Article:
Xinjiang workers enjoy quality life with skills learnt in vocational centers
You Yang

The Chinese government has been saying it has set up a number of vocational training centers in the country's northwestern Xinjiang Uygur Autonomous Region to help local residents learn skills as part of its efforts to fight extremism. But to some in the West, those vocational training centers are "detention centers", or even "concentration camps."

Mamatniyaz Iminniyazi had been a trainee at one of such centers in Shache County in Kashgar Prefecture. "In the vocational education and training centers, we were able to choose one or two vocational skills to learn based on our own interests. I chose to learn how to cook naan," said Mamatniyaza, referring to a baked flatbread which is a popular food for locals,.

"My friends also chose their favorite skills to learn. Some of them chose e-commerce, some cooking, and some chose beauty and hair-dressing," Mamatniyaz said.

He added the skills he learned at the center have helped him to open up his own business. "After graduation, by taking advantage of the naan cooking skills I learned at the center, I opened a naan co-op with 25 employees. Within one year, I earned over 100,000 yuan ($15,430)," said Mamatniyaz.

"Early last year, I established a purified water company. At present, our company covers an area of 1,800 square meters and has 20 workers. We produced over 40,000 buckets of purified water a day and my yearly income has reached 300,000 yuan ($46,290)." he said. 

A woman works at a factory in Kashgar, northwest China's Xinjiang Uygur Autonomous Region. /Xinhua

A woman works at a factory in Kashgar, northwest China's Xinjiang Uygur Autonomous Region. /Xinhua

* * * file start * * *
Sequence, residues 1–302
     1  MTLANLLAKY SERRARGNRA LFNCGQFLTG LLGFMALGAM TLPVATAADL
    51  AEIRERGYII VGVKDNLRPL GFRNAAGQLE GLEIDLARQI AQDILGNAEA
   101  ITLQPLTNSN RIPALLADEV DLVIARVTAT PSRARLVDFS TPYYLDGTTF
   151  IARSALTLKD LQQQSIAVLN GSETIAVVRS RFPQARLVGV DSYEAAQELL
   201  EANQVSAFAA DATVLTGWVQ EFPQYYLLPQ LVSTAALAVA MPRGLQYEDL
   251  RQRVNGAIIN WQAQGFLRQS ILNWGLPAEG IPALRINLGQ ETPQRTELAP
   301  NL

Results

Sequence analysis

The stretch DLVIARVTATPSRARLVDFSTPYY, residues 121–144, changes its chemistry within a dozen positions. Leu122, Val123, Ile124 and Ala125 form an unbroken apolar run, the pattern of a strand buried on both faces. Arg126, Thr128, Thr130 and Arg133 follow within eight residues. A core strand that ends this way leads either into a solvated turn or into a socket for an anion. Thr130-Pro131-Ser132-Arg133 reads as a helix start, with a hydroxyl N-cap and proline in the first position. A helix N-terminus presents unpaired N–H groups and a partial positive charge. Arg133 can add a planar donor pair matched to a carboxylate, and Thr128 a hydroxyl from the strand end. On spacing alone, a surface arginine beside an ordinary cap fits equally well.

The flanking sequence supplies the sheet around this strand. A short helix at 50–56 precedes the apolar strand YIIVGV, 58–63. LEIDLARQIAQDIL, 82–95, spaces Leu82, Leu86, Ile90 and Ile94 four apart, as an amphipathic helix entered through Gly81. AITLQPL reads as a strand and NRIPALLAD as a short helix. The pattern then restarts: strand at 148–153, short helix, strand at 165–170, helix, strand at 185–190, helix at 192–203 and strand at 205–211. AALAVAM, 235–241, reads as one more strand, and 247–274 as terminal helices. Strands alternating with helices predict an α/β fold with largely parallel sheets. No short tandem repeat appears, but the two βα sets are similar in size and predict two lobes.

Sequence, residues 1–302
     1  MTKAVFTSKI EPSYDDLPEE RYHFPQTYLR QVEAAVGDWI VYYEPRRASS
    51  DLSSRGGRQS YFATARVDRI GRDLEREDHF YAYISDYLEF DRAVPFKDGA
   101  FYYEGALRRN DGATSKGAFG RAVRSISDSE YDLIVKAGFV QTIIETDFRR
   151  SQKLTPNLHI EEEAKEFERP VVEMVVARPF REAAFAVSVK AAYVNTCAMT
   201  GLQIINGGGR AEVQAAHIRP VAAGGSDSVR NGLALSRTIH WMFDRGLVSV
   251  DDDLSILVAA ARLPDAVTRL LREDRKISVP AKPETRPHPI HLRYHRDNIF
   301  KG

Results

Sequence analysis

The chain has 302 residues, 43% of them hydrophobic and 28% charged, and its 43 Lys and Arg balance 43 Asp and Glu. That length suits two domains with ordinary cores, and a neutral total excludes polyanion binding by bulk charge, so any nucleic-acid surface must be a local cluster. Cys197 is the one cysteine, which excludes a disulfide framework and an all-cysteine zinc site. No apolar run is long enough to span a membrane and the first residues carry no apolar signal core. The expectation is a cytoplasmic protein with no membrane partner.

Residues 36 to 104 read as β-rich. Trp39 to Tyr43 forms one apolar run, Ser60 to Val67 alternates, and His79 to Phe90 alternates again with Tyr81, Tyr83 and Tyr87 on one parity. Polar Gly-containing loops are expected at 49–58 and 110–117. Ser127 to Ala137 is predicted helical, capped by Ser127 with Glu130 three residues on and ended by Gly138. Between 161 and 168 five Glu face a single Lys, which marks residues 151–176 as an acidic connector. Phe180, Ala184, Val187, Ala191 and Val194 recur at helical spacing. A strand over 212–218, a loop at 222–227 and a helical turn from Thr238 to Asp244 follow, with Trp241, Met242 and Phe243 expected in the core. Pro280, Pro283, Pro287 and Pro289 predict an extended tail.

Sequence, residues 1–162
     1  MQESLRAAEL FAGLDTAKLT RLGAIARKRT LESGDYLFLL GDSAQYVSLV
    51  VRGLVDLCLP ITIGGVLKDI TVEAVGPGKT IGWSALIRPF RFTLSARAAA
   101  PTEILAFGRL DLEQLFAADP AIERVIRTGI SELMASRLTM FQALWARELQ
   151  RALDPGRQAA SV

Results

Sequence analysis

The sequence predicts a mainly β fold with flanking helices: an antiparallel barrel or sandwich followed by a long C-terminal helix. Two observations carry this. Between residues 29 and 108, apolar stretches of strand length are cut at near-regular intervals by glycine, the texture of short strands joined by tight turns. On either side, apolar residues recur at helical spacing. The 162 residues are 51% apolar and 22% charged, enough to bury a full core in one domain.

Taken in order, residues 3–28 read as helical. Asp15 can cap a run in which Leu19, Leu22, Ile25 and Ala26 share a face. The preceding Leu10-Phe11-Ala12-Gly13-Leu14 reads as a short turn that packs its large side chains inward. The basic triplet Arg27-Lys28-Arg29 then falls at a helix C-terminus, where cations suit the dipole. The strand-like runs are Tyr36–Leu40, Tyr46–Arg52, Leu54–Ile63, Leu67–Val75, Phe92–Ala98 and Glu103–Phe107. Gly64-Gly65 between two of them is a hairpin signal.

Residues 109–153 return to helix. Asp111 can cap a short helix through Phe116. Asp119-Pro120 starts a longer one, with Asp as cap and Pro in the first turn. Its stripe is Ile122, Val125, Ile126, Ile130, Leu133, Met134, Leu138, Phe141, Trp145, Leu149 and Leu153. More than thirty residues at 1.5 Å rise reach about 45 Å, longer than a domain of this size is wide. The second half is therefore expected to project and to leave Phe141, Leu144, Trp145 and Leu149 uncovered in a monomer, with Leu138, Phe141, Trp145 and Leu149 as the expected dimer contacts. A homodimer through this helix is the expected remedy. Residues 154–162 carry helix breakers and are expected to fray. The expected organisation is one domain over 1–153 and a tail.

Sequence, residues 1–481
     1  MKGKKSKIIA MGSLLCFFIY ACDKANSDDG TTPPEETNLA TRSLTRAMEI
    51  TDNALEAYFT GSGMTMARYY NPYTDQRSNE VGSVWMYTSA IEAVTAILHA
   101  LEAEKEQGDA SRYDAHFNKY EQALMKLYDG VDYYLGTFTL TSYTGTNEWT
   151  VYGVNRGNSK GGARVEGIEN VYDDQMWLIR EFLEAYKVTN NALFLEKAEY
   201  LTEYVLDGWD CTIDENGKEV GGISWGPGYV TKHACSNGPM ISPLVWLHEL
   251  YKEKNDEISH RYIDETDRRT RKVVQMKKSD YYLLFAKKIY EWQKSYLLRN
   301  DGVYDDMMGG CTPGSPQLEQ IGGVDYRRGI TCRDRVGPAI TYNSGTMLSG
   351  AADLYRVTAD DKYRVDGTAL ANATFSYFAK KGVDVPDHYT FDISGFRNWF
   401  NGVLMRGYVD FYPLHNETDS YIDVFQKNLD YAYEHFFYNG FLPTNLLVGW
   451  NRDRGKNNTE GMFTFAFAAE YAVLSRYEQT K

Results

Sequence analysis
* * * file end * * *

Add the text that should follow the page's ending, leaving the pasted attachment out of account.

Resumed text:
Alimjan Mamatali, 28, was also a trainee at a center in Hotan Prefecture. He said the overseas media reports of trainees being exploited for their labor are totally false.

"During my training, no one ever forced us to do anything. From Monday to Friday, we had six hours of class every day, mainly learning vocational skills as well as Mandarin, law and some other courses that help us get rid of extreme ideas," said Alimjan. 

"During the weekends and official holidays, we were able to contact our family by phone. We could also ask for leave any time, if necessary," Alimjan said. 

Alimjan currently works for a real estate company. He said the computer skills he learned at the center made it easier for him to find a job.

"I learned basic computer knowledge first, then I began to learn how to operate one. Through the training, I learned how to use Word and Excel, how to edit documents as well as other software to edit pictures, design visiting cards and advertisements, which have enabled me to earn a good living," said Alimjan. 

Speaking in fluent Mandarin, Alimjan said he's more than satisfied with his current life and work. 

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